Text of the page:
But she was dead and my life felt stopped in its tracks. What now? How could I continue?
The horror, the horror. But the clerk at the supermarket didn’t care. The bills kept coming, obligations persisted, I had to buy milk, of all things. Life was over, but I needed milk. Work scheduled me for another shift. And so it continued. Life, it seemed, went on. I wasn’t even a cog on the wheel in the machine of life. I was a speck of grease, at best.
However important you think you are, upon your death you will be relieved of that delusion, because you don’t matter. I don’t matter. We’re a passing phase of heartbreak, if anything at all. Legacies? Pfft, they’re a blink in the eye of cosmology.
This likely is depressing to some, arguable to others, and that, too, doesn’t matter. Your opinion is irrelevant, because time is the only judge.
Delusions of Google Grandeur
It’s easy to be a child of this generation and cite a Google reference or two as evidence of the opposite, argue that all of us leave a track or footprint.
But there came a moment when I thought more deeply on this: I truly was irrelevant. There was no long-view on my significance. I could die tomorrow and, probably within a decade or so, it wouldn’t matter anymore. I would be the person people struggled to remember by name. “Remember… oh, what was her name?”
That clicked and I finally realized how freeing that was. How inconsequential are my accomplishments, my failings. None of them really matter. My legacy will be pointless. But what I can do is simply enjoy my life, absorb all I can. It’s for me, not you, not the history books, nor the tomorrows.
Sure, death is sad, tragic, heartbreaking, but it is just another in a chain of human experiences. It is part of what makes us complete as humans. Inevitably we all have to learn to grieve and then let go.
The same is true of humanity. We come, we go. We rise, we fall. Prosperity, collapse. That’s the evolution of society, the tides of humanity. To get wrapped up in it is foolish sentimentalism.
Unfortunately, we are all human. You, me, the guy next door. We get wrapped up, it’s what we do. Delusions are our plaything.
The Necessary Tragedy of Death
When I see catastrophe, my heart breaks. When I hear of mass shootings, I’m desolate. Upon my father’s death, I was shattered. I’m not inhuman. I too am affected.
But then, deep down inside, I’m consoled by the fact that this is all part of life’s ebb and flow. Your father will die too, if he hasn’t already. Your mother. His, hers, theirs. All will die. We will all be sad, broken. To live is to feel, right?
As many wise dead people before me have said, death is the point of life. Dying is what we are all in hot pursuit of from the moment we are born. That it should leave us so despondent is almost comical given its omnipresence, but anyone with a heart understands loss.
And, so, I find myself walking through ruins, bear-hugged by history, aware that we’re all doomed to eventual obsolescence.
Born and raised in one of the youngest cities on the globe, it’s no wonder I grew up so ignorant of our impermanence. In travel, though, I have learned to shake this naivety and now I understand the sad, desolate beauty of how fleeting it all is.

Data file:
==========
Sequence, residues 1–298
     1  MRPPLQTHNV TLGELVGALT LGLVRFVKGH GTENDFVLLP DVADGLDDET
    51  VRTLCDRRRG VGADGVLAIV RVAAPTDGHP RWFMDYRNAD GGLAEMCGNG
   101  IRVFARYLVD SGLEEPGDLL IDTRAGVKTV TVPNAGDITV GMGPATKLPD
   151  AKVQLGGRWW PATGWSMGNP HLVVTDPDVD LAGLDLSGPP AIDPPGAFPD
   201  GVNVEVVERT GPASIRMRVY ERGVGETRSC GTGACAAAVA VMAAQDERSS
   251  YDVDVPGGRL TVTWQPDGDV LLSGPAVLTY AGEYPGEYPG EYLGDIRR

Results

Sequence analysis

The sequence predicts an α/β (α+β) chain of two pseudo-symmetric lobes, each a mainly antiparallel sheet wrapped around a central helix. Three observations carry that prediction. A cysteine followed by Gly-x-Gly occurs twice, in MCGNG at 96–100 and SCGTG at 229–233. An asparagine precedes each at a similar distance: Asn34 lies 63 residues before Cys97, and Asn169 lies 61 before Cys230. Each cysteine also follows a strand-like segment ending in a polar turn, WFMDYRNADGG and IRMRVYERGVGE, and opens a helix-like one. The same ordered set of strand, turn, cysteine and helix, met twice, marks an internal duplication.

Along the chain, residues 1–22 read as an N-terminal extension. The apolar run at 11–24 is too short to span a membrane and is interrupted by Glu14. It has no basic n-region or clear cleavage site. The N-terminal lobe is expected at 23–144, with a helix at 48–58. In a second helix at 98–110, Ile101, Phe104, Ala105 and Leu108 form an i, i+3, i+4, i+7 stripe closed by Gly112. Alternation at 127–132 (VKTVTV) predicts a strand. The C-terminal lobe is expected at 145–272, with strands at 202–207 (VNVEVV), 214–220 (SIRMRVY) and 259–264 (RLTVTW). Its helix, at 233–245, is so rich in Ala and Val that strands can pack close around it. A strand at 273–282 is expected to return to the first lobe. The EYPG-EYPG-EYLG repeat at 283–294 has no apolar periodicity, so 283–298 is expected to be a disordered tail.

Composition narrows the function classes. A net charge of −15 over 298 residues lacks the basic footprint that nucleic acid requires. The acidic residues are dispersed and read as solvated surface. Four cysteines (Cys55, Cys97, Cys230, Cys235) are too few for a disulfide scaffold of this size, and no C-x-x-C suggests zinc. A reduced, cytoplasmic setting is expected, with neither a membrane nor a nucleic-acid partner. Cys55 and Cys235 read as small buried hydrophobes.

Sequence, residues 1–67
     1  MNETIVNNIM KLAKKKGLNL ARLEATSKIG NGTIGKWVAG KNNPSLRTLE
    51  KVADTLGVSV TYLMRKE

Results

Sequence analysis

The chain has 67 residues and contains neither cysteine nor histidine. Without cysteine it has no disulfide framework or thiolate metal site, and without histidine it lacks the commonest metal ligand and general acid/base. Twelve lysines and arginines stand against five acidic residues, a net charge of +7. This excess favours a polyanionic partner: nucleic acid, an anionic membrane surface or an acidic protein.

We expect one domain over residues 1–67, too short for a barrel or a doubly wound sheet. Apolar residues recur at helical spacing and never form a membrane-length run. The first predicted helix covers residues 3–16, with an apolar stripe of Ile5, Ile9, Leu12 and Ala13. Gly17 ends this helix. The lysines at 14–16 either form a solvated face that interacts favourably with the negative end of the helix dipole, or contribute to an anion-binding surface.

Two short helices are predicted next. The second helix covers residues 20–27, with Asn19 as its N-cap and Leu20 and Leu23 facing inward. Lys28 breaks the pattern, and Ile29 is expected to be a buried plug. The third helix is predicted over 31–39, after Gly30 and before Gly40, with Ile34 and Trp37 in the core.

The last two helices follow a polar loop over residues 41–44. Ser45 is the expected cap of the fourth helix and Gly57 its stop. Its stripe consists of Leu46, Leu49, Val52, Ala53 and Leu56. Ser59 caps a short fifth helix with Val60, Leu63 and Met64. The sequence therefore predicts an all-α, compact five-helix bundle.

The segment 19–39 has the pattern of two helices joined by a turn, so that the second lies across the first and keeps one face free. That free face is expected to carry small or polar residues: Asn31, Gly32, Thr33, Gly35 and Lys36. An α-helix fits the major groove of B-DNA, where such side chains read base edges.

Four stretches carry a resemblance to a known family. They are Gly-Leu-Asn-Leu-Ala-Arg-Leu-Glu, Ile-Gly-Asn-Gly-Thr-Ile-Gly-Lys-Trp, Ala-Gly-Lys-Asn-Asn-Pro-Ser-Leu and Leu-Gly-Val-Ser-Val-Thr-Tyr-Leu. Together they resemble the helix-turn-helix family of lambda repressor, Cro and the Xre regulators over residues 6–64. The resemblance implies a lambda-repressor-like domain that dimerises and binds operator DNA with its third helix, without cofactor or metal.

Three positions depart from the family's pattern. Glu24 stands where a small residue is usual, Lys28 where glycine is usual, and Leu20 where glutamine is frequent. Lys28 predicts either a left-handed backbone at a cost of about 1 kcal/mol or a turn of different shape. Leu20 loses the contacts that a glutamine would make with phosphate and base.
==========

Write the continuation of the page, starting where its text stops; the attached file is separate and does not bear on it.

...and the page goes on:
The construct of capitalism as we know it is, give or take, a couple hundred years old. Looking at history, that’s a good run of things. So many societies existed in a 200- to 500-year window. They didn’t have wide-spread science, computers, means of measurement, recording, or communicating. They didn’t see their demise coming at them like a head-on collision in the headlights.
I don’t think society will collapse tomorrow, or necessarily even in a decade, but it’s coming. We’re in a time of upheaval which isn’t a measurable event on a predictable trajectory. To assume the world will be business-as-usual when I’m in my 60s, two decades from now, could be naïve at best and tragically foolish at worst.
Whatever else is happening in the world today, climate is indeed changing coastlines around the world and ecological regions are changing quickly too. Warming waters see drastic difference in wildlife, fish stocks, and the outcomes defy prediction. Look at the polar ice melt going on right now, in the dead of winter. Yes, change is coming.
Why I Travel: My Eyes are Wide Open
I don’t purport to understand where all this is headed, and I don’t even believe it’s destined to be all bad news for humanity. We have adapted and changed throughout the millenniums. Our future is complicated and my crystal ball is on the fritz.
What I can tell you, though, is that I see where we are as being in a state of flux, and I know what it’s like to blink and see things gone, left only with the lingering taste of regret.
So, you ask me why I travel? Because I can, because we’re changing, because I’d rather see us now than in the rear-view mirror, because tomorrow is never assured for any of us.
And perhaps there is impending doom. But if there is, the world will continue to turn and somehow, somewhere, someone will survive it, and a future will be there, but for how many of us? Good question.
It is what it is. We are what we are. And today I can travel, so I do, and it is all good and beautiful and everything I could have hoped for, even when it’s never what I expect. Because, that, too is part of the unending appeal of life.